Remembering Dr. Thomas Szasz

Last Saturday, the world lost a renowned and highly influential psychiatrist at the age of 92. Dr. Thomas Szasz, survived by his two daughters, one brother and a grandson, was a professor emeritus of psychiatry at the State University of New York Upstate Medical University in Syracuse, New York. Throughout his lifetime, he wrote hundreds of articles and 35 books, most of which were published by Syracuse University Press. Szasz was recognized for his passion for the field, as well as his psychiatric beliefs that led to the introduction of many new ideas. He continued his research and writing up until his death and his theories will live on in the field of psychiatry for years to come. Syracuse University Press is deeply saddened by the loss, but honored to have had the opportunity to work with such a talented and wonderful man.

Selected Titles from the Thomas Szasz Library:

Suicide Prohibition: The Shame of Medicine (2011)

“Another masterpiece. Szasz has produced a strong philosophical, psychiatric, forensic, sociological, and ethical analysis of suicide. I emphasize sociological, as it is a worthy heir to Durkheim’s classical contribution.”—Henry Lothane, Mount Sinai School of Medicine

Psychiatry: The Science of Lies (2008)

“[Thomas Szasz] is the preeminent critic of psychiatry in the world.”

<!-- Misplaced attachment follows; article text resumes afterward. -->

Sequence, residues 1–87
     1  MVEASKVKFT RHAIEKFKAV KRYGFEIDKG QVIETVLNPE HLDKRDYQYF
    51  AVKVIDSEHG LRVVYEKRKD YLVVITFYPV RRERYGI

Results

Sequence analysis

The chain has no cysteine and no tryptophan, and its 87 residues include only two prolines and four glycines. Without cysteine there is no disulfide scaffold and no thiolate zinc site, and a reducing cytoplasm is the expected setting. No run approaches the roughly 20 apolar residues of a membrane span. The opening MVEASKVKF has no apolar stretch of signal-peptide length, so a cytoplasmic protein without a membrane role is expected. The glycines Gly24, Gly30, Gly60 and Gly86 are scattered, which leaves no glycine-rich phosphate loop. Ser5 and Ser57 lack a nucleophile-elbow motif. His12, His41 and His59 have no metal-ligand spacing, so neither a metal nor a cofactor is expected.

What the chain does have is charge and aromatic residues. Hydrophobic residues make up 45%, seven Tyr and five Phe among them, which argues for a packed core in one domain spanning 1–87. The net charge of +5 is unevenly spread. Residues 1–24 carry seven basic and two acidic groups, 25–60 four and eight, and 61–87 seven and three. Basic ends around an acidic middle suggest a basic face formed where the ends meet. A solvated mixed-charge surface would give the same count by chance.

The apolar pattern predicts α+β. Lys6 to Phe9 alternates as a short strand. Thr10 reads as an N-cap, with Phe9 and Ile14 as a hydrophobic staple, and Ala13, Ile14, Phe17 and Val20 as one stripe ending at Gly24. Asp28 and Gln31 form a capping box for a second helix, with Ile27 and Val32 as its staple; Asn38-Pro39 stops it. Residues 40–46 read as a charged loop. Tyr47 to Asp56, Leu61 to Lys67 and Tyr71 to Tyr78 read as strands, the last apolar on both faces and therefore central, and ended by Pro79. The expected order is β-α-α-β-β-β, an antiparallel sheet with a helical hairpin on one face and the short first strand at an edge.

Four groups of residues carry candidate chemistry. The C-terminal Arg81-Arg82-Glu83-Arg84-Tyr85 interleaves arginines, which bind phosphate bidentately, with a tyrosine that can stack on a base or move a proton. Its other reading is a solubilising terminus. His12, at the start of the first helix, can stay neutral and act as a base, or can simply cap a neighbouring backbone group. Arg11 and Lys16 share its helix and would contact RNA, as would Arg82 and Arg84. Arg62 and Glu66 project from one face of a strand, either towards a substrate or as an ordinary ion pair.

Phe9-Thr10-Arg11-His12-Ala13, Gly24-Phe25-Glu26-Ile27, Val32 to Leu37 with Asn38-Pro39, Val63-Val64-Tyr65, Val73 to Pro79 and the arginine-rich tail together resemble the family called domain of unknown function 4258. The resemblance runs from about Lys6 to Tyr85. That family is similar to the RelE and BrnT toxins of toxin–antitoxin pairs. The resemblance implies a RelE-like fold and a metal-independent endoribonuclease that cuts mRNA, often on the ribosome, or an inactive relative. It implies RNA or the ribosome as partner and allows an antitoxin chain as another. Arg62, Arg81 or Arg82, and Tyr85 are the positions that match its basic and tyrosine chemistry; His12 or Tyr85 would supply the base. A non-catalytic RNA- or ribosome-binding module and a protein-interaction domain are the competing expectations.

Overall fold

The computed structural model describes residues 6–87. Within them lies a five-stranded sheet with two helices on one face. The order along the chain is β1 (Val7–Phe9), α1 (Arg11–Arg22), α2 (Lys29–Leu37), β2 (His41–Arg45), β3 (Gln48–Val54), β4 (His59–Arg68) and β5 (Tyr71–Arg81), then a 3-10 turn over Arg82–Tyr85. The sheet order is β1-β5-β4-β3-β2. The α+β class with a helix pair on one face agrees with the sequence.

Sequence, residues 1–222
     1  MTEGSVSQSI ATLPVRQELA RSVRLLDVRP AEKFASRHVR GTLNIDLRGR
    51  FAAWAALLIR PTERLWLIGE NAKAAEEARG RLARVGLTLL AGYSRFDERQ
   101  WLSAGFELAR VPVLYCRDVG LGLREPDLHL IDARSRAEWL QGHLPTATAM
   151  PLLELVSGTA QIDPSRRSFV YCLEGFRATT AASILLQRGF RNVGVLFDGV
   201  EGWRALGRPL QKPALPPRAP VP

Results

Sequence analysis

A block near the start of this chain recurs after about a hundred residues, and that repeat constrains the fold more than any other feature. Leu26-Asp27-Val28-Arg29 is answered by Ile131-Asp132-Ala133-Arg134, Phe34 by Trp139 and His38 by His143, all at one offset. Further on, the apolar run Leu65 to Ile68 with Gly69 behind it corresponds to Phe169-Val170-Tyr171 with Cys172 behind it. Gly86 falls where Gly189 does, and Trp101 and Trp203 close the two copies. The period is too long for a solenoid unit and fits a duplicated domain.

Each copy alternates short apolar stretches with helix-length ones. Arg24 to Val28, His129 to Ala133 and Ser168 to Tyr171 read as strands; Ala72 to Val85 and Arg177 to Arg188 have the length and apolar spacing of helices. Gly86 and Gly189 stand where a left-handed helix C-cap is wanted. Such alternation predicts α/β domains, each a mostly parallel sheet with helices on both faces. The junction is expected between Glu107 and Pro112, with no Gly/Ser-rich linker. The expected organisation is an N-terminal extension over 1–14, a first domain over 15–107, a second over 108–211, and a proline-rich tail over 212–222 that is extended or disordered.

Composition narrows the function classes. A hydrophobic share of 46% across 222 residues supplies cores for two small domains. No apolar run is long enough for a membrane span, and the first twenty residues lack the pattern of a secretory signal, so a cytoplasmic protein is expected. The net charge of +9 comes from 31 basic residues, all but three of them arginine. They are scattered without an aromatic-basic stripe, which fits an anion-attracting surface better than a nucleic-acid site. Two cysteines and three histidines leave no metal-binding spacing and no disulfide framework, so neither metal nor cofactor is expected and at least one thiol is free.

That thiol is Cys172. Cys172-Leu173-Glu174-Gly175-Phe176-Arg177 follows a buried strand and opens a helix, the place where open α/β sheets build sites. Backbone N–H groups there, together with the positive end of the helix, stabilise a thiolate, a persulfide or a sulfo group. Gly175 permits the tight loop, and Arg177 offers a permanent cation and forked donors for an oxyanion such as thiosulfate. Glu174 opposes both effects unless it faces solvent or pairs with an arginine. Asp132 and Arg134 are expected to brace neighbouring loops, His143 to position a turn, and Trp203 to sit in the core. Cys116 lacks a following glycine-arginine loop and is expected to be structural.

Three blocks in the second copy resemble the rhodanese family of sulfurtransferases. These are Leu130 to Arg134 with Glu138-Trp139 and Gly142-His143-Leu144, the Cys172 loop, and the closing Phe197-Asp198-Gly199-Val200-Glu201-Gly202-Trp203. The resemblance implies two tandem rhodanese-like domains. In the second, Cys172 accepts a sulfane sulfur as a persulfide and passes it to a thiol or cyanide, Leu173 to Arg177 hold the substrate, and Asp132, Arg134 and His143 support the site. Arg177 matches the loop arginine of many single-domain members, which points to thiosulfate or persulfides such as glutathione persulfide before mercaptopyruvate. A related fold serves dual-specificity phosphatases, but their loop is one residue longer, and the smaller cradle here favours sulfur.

—Richard Vatz, Towson University

The Medication of Everyday Life: Selected Essays (2007)

“[Szasz] continues his iconoclastic career in this short bookof essays spanning much of his professional life. He details how the medical and legal systems have combined to form a new type of government: the pharmacracy…. A wonderful, impassioned book that is, considering the recent media attention to psychopharmaceuticals, a welcome investigation of social ramifications involved.” –Publishers Weekly

The Meaning of Mind: Language, Morality, and Neuroscience (2002)

“Szasz is an original thinker whose theories, though open to challenge, are daring and profound. His new books should appeal not only to those interested in mental illness but to anyone caught up in the ongoing debate about the origin and nature of the mind.” –Publishers Weekly


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